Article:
She's talking about the Katrina diaspora, with relatives separated, cast from city to city, state to state, from Utah to Florida. She's talking about 2005. But she's also talking about the distant past, about the ancestors, the slaves.

"With the evacuation scattering my family all over the United States," Montanna says quietly, "I felt like it was an ancient memory, as if we had been up on the auction block."

Families torn apart, still torn by pain.

Even the brief interlude in which victims tell of the sound of explosions they heard during the flooding, which gave rise to speculation that the levees were actually blown up — even that moment is a measure of how deep the hurt runs, informed as it is by history. After all, back in the flood of 1927, levees were exploded to divert water from the city.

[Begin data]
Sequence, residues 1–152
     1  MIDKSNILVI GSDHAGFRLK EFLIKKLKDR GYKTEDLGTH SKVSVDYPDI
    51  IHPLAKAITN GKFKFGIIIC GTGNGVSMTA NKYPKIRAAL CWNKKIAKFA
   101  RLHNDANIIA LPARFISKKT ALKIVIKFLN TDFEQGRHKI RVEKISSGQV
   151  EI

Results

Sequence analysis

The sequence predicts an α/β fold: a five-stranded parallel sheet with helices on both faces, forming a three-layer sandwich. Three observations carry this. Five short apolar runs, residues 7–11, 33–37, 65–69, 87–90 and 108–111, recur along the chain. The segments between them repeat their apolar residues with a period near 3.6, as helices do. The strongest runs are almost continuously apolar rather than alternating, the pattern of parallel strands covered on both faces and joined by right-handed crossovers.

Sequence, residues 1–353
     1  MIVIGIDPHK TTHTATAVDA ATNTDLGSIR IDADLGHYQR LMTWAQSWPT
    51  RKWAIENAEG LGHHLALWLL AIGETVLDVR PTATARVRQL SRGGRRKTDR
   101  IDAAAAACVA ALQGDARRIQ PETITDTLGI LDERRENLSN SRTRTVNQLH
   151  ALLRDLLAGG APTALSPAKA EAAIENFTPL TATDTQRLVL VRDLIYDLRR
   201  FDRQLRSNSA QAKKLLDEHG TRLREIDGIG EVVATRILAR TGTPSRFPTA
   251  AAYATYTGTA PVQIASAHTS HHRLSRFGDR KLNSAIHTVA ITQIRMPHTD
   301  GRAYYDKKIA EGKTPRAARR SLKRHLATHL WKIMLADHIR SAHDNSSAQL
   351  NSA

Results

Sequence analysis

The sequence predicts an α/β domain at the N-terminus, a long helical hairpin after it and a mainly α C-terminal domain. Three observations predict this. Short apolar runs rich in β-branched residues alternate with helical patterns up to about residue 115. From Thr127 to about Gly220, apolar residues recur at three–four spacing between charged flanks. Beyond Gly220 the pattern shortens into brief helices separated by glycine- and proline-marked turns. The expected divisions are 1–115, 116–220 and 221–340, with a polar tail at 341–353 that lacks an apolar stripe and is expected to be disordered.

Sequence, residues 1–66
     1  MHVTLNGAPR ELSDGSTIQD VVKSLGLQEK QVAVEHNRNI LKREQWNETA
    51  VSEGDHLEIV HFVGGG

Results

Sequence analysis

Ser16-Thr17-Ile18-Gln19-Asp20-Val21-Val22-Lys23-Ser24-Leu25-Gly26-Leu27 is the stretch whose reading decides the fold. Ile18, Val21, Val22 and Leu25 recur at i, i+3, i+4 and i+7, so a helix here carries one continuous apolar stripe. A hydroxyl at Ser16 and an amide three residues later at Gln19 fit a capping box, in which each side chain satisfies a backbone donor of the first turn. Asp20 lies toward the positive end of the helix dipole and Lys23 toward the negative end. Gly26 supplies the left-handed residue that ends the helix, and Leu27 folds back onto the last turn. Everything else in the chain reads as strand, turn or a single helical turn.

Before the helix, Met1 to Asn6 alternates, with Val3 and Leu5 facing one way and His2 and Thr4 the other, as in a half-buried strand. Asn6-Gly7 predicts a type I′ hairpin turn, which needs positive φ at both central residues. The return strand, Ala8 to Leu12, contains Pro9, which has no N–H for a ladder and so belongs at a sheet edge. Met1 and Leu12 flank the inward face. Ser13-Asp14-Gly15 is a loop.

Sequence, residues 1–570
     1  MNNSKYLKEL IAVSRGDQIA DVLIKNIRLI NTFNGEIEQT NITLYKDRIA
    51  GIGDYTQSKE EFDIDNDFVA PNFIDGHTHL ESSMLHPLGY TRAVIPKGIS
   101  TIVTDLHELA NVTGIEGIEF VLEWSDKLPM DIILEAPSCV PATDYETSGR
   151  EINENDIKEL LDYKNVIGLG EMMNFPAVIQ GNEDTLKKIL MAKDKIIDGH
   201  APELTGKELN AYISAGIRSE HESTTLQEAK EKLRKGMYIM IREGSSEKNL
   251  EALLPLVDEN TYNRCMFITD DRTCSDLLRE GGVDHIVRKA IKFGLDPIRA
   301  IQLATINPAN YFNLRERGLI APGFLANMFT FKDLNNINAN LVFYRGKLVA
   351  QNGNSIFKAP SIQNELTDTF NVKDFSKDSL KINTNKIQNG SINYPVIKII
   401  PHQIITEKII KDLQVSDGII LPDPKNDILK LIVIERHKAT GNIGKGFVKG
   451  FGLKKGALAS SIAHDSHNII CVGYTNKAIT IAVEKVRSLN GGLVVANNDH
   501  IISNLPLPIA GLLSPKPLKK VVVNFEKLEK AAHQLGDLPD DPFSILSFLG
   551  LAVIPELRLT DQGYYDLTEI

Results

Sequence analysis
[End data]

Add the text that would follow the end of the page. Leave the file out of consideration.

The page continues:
‘They're the ones responsible’
The list of indignities is long. The levees were poorly constructed. When they broke, there was no rescue, not even air drops of food and water as in the Asian tsunami, when foreigners got help from the United States within a day. Evacuees were dumped in new cities with few resources and no clear path of return to their homes. Returnees sometimes stumbled upon the remains of dead relatives inside homes that had allegedly already been searched. The trailers people were promised materialized ever so slowly. And hurricane season 2006 arrived with the levees still not sufficient to protect New Orleans.

But who pays the price? Cheryl Livaudais has something to say on that.

"They cost the people — not just New Orleans and the Ninth Ward — but the whole freakin' Southeast Louisiana. It cost the people their homes and their lives. I hope the politicians, or whoever did this, the Corps of Engineers, whoever — I hope that they can sleep at night knowing they're the ones responsible."

She holds up her bottle of beer, saying, "And that's not this talking, that's the freakin' truth."